Australian Rugby Union rejects $54m offer to save Western Force

The Western Force were named earlier in the month as the team in the firing line.
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The Western Force were named earlier in the month as the team in the firing line.

The Australian Rugby Union has rejected an offer of around $A50 million (NZ$54m) from billionaire mining magnate Andrew "Twiggy" Forrest to save the code and look after the financial burden of the Western Force.

Forrest, who first pledged support for the Western Force after the club's last match against the NSW Waratahs in July, was flanked by former ARU director Geoff Stooke and West Australia's first homegrown Wallaby John Wellborn at the meeting.

The trio met with ARU chairman Cameron Clyne, deputy chairman Brett Robinson as well as director and former Wallabies captain John Eales.

During a three-hour meeting in Adelaide, Forrest told the ARU there would be no financial risk to the game's governing body if the Force were able to continue in Super Rugby. Forrest put an offer of around to A$50m on the table to the ARU to help them out of financial trouble.

Billionaire Andrew Forrest is pushing for the Force to be retained in the Super Rugby competition.
PAUL KANE/GETTY IMAGES

Billionaire Andrew Forrest is pushing for the Force to be retained in the Super Rugby competition.

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When contacted, the ARU said it would not comment on any dollar figures put forward by Forrest.

The ARU, however, is in a difficult predicament given it has already told Sanzaar it will cut a team from Super Rugby next season.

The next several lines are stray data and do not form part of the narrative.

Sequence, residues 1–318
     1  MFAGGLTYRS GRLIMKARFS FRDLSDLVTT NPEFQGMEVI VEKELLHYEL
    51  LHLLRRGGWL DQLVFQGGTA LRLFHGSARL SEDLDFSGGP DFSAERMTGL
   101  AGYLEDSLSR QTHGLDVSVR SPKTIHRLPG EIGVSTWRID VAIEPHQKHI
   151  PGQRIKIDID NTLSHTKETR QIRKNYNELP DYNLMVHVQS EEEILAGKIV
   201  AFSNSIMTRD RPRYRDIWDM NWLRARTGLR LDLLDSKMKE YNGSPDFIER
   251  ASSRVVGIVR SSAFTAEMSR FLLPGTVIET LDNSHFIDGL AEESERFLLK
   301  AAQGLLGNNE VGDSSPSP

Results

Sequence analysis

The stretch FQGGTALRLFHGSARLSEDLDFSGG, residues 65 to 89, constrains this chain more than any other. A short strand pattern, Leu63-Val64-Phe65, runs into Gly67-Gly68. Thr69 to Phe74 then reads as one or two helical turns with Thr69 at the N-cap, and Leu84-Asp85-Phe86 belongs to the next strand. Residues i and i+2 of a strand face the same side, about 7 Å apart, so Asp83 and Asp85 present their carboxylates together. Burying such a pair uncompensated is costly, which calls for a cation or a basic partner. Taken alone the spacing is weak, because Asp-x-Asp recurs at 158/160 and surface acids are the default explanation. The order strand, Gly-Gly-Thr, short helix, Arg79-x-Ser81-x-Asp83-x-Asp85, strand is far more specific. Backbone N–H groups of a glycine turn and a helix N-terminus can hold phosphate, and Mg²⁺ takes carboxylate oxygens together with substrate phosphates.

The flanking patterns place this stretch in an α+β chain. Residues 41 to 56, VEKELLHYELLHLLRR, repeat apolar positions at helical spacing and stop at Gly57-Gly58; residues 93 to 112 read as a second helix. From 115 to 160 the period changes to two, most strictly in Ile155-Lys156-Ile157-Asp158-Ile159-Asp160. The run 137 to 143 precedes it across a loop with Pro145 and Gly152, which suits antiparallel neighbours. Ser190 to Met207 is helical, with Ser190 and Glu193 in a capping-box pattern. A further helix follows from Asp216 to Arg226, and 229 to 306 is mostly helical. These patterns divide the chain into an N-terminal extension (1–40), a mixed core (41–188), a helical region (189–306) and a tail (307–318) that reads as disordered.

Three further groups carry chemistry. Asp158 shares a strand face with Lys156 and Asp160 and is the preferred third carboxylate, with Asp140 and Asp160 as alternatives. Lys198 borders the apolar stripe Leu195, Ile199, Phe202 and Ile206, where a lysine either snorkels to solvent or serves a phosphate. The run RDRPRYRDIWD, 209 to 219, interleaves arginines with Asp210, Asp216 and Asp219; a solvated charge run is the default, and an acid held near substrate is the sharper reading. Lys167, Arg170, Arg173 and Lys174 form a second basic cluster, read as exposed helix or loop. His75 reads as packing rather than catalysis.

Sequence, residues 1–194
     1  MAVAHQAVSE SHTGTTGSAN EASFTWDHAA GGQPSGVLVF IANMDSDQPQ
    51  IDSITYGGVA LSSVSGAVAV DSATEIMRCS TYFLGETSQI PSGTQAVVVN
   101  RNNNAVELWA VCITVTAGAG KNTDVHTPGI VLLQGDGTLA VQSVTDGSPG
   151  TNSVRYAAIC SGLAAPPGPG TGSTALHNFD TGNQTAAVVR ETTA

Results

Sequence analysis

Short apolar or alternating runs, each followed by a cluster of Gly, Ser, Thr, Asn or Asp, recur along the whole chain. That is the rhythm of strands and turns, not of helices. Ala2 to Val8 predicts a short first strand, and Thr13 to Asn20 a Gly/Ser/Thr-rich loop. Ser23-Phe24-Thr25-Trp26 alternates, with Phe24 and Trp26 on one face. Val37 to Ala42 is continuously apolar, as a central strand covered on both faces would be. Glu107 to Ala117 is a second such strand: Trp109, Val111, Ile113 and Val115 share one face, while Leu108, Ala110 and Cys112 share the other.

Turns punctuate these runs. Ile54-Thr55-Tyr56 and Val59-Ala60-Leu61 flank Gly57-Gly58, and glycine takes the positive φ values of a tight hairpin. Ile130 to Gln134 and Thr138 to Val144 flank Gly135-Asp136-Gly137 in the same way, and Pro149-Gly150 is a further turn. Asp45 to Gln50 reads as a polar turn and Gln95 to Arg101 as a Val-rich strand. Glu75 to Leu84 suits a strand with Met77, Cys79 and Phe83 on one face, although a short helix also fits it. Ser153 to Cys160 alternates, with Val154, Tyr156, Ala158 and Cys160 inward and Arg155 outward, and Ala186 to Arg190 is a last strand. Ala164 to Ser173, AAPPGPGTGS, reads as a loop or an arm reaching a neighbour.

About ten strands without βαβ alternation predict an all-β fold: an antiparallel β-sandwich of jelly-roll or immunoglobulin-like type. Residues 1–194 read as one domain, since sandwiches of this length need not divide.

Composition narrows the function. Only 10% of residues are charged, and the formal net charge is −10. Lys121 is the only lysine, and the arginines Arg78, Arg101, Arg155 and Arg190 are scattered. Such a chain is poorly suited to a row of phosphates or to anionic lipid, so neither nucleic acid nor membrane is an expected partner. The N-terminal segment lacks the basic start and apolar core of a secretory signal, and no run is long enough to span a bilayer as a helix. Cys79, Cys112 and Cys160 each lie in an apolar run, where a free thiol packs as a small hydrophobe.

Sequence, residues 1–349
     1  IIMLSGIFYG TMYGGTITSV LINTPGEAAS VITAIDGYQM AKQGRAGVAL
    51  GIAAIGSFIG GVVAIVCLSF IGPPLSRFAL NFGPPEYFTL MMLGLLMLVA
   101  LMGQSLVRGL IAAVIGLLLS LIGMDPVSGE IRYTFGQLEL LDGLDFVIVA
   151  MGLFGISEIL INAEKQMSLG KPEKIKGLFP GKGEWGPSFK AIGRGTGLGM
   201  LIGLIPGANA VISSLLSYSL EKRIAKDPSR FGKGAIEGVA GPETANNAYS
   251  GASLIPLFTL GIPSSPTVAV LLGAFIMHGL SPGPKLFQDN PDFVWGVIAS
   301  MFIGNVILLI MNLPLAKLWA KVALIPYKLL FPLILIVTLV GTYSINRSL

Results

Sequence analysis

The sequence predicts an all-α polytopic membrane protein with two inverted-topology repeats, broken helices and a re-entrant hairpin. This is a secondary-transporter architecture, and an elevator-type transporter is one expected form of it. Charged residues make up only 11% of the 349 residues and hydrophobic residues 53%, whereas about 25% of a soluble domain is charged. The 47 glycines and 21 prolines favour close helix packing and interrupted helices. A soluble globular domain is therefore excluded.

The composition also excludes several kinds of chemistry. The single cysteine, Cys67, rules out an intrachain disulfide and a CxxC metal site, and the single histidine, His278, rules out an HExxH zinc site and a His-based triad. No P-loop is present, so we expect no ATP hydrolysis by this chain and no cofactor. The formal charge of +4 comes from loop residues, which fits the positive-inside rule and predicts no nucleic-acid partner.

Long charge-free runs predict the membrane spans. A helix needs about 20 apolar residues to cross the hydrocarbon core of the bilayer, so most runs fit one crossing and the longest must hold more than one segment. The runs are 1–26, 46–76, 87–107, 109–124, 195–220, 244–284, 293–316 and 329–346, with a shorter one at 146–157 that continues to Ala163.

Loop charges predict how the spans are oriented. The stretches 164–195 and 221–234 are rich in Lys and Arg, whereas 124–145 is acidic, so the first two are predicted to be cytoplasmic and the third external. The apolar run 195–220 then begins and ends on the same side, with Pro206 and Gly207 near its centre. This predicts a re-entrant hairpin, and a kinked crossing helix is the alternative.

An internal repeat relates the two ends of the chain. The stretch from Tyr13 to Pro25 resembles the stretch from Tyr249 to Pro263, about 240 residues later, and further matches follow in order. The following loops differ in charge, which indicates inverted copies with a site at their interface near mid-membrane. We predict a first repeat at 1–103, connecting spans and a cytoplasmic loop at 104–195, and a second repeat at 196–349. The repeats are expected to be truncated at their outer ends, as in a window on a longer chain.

With the Melbourne Rebels' license in the hands of the Victorian Rugby Union, meaning the ARU has no constitutional right to axe them, the Force were named earlier in the month as the team in the firing line.

The ARU rejected Forrest's offer at the meeting and made it clear they were committed to cutting the Force.

"We had a long discussion with Andrew today and have provided in detail the position of the ARU and the factors that have led to our decision to discontinue the Western Force Super Rugby licence," said Clyne.

"We were genuinely appreciative of Andrew's generous offer to back the Western Force and Australian Rugby, however, given the position we are in we are unable to work towards retaining five teams in Super Rugby."

Nonetheless, it is an eye-watering sum of money for the ARU to be turning down, no matter how committed they are to following through with its proposal to axe the Force and fulfil a Sanzaar obligation to reduce a franchise for a 15-team competition next year.

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Although Forrest was disappointed, he was pleased the ARU outlined its commitment to working with the Force to develop a new international competition based in Western Australia.

Meanwhile, RugbyWA will find out on Wednesday whether their appeal against the ARU's decision to axe the Force will be heard in the NSW Supreme Court.

If not – or if the appeal fails – the Force will be left with no other choice but to explore playing elsewhere.

Forrest has said he would consider launching a new rugby union competition in Asia if the Force were unable to win their way back into Super Rugby ranks.

During the Force's supporter rally last Sunday, Forrest threw up a curve ball by saying he would start his own international league if the Supreme Court appeal failed.

Force chief executive Mark Sinderberry said the idea had merit.

"This is a really exciting concept and picks up on some interesting rugby we're seeing in Asia," Sinderberry said.

"Certainly Twiggy's vision is one we'd be very excited to understand. It's an embryonic idea, but one worth exploring.

"There's a number of cities and countries in Asia that do play rugby at the moment and are looking at ways to develop their own programs. So we think it would be very well received."

 - Sydney Morning Herald

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